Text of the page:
December 19, 2005
"This course brings state of the art computing into the undergraduate curriculum," said Barry Wilkinson from the University of North Carolina at Charlotte. "In this class the NCREN wasn't just used to transmit lectures; it was also used to create a Grid infrastructure for the students."
Wilkinson, along with UNC Wilmington faculty member Clayton Ferner and a team of six faculty and students, led development for the course, which is funded by the UNC Office of the President and the National Science Foundation. Students learn about grids from the bottom up, studying technology first and applications later. Lectures are transmitted from UNC Charlotte to 12 institutions, and students complete a series of five assignments to learn how to set up and use a grid.
"We start them off with an assignment in Web services, next they generate a Grid service and contact it, then they submit jobs to the Globus Resource Allocation Manager (GRAM), use a scheduler and a workflow editor," explained Ferner. "The goal is to train students who will one day support or implement research on grids."
Wilkinson and Ferner found developing the new course a challenge. The summer of 2004 was spent setting up the first class Grid based on Globus Toolkit 3.2, developing the lengthy course assignments and creating hundreds of PowerPoint slides from which to lecture. This past summer was spent updating the grid and assignments to GT4. They also integrated some of their own Grid research into the curriculum, using the GridNexus workflow editor developed at UNC Wilmington.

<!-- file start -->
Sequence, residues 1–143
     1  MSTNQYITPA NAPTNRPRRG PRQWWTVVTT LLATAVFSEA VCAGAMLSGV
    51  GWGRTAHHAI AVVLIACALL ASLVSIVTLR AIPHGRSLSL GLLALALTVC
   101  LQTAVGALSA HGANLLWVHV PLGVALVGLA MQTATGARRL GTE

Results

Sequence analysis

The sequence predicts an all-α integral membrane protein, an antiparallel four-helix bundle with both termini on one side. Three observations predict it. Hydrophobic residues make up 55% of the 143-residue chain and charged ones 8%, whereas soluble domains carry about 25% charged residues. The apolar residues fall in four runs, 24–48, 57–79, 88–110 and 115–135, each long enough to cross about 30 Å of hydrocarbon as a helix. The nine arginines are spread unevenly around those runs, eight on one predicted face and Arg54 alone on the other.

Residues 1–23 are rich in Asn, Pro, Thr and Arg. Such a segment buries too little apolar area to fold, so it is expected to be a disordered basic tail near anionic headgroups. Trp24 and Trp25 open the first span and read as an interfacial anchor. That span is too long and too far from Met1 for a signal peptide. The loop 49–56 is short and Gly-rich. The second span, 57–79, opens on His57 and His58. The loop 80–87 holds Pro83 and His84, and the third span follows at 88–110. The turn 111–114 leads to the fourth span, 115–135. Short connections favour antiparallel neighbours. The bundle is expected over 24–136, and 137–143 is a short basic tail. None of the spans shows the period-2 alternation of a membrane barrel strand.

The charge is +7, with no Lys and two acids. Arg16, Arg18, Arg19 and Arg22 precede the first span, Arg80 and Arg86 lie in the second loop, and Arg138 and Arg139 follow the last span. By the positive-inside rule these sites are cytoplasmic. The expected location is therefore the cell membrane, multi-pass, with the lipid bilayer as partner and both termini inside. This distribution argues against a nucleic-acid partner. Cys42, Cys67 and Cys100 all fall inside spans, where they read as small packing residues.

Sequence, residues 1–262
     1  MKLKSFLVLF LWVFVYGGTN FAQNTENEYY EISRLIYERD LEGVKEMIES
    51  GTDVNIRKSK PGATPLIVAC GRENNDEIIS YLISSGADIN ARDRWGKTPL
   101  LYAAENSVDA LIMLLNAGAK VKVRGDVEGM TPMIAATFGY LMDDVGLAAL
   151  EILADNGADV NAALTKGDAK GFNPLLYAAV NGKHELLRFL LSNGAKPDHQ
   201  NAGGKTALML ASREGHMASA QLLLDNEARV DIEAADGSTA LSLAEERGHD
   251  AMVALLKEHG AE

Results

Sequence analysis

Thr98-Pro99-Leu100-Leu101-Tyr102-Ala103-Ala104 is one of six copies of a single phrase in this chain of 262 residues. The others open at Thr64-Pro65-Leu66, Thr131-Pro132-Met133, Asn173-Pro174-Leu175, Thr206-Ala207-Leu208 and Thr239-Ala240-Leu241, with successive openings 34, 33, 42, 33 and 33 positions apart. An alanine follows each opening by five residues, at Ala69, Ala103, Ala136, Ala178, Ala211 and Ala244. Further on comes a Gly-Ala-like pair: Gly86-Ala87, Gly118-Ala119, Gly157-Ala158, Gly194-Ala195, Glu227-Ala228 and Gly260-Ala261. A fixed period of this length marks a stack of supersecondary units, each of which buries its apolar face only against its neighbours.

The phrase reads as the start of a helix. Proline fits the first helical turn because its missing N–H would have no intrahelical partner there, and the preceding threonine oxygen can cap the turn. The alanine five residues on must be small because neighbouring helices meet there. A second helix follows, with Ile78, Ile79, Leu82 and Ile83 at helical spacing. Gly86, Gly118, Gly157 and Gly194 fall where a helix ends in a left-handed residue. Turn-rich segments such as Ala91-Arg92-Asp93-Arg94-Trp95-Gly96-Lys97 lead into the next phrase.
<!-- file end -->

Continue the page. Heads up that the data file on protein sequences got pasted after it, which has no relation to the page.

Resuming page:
"This is not a course regularly taught at any level," said Wilkinson. "There was no textbook to follow, and so we've created all the material from scratch. The class has been an enabler for the students -- several of the students from 2004 and 2005 have continued on in Grid research after the end of class."
Learn more at the Web site, www.cs.uncc.edu/~abw/ITCS4010F05/.** This article originally appeared in Science Grid This Week (www.interactions.org/sgtw/). SGTW is produced at Fermilab and jointly funded by the National Science Foundation and the Department of Energy's Office of Science.
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